Zapper

The remote on my Panasonic smart large screen TV has been a bit iffy for a while. Only about 3 years old - and not as much use as some.
It seemed to be mainly the most used buttons. Others still worked OK. Wasn't sure if it could be a software funny on the set (the software isn't the finest I've used) so programmed a universal remote I already had for other things, and that works fine. Except I don't want to have to learn what buttons do what all over again.
New genuine remotes on Ebay are in the £30-40 region, but 'fakes' under a tenner. Bought one of those which works fine.
Is it worth attempting to open up the old one - now I have one which works - to see if it can be fixed? Seems to me very like dirty contacts on the switches.
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Dave Plowman snipped-for-privacy@davenoise.co.uk London SW
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It is normally the conductive surface wearing off on the most use buttons.
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Yes but a lot of it is because the gunge has fallen into the areas where the contacts are stopping the good conductive layer never to short them out. Our dry homes and people putting the remotes on top of hot items hastens their demise. Brian
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On 23/06/2018 08:43, Brian Gaff wrote:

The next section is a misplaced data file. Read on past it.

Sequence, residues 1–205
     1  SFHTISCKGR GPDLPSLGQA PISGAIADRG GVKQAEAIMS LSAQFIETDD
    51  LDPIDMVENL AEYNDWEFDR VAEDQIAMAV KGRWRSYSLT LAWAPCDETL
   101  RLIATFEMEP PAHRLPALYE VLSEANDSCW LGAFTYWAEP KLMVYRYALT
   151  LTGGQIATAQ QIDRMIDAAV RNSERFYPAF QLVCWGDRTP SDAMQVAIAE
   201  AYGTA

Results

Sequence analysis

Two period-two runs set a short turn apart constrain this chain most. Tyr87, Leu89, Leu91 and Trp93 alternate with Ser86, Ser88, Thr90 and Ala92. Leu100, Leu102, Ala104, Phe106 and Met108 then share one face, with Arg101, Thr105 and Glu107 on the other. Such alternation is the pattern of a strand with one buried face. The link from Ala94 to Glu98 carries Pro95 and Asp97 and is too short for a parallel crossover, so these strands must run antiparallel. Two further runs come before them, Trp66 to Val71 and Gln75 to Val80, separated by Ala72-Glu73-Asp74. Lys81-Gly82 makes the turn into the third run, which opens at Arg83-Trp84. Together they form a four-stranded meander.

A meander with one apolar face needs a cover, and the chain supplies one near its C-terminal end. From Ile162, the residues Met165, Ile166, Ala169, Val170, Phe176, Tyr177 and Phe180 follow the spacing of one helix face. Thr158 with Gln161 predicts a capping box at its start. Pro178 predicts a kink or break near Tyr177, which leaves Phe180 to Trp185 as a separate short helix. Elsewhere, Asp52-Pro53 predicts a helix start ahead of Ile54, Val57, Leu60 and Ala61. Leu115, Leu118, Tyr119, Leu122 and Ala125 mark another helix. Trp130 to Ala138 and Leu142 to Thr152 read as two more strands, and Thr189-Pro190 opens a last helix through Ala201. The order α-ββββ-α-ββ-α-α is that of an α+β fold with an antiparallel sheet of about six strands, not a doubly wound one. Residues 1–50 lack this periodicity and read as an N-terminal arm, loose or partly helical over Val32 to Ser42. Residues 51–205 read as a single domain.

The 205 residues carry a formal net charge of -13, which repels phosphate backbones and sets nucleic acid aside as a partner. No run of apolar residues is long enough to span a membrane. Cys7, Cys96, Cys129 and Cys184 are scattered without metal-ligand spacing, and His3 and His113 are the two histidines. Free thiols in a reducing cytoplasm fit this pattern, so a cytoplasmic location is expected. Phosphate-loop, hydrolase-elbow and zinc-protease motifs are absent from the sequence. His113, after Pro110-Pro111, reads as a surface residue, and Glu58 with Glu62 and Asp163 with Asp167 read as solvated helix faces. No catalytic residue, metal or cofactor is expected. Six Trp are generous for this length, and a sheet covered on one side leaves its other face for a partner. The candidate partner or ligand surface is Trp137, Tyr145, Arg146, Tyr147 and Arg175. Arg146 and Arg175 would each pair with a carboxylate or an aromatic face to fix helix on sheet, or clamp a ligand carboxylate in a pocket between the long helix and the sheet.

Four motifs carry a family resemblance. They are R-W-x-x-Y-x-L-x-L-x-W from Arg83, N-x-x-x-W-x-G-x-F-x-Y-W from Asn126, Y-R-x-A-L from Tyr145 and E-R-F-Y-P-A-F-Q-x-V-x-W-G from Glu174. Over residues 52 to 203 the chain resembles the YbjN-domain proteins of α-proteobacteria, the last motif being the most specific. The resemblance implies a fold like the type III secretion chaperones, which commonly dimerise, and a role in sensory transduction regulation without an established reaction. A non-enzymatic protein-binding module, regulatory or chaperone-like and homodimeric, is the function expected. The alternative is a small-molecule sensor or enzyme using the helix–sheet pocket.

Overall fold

+!. In my experience the keys that don't work oven have a tin layer of thin grunge that can be washed off under a running tap.
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Very common repair at Repair Cafes. Probably even more common is a leaky battery has corroded the battery contact, or corroded where it joins the circuit board, although that's not a good match to your symptoms. (We even get ones with nothing wrong other than flat batteries.)
For testing, point the infrared at your mobile phone camera, which will see it flash. Not all cameras can see it - on my Samsung, the backwards facing camera can.
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Dave Plowman wrote:

Usually cleaning the gunge from the front of the PCB and/or back of the rubber keys with alcohol does the trick.
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On Sat, 23 Jun 2018 00:26:01 +0100, Dave Plowman (News) wrote:

Remotes tend to be held in the hand a lot and build up sweaty condensation on the graphite-rubber/copper contact surfaces.
Quick wash in isopropanol - good as new.
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Odd it's the only remote I've had which as done this. Most seem to have a membrane covering all the contacts - so I'd expect any airborne gunge to get to all. The remote for the sound system is yonks old and gets as much use - but is still fine.
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Dave Plowman snipped-for-privacy@davenoise.co.uk London SW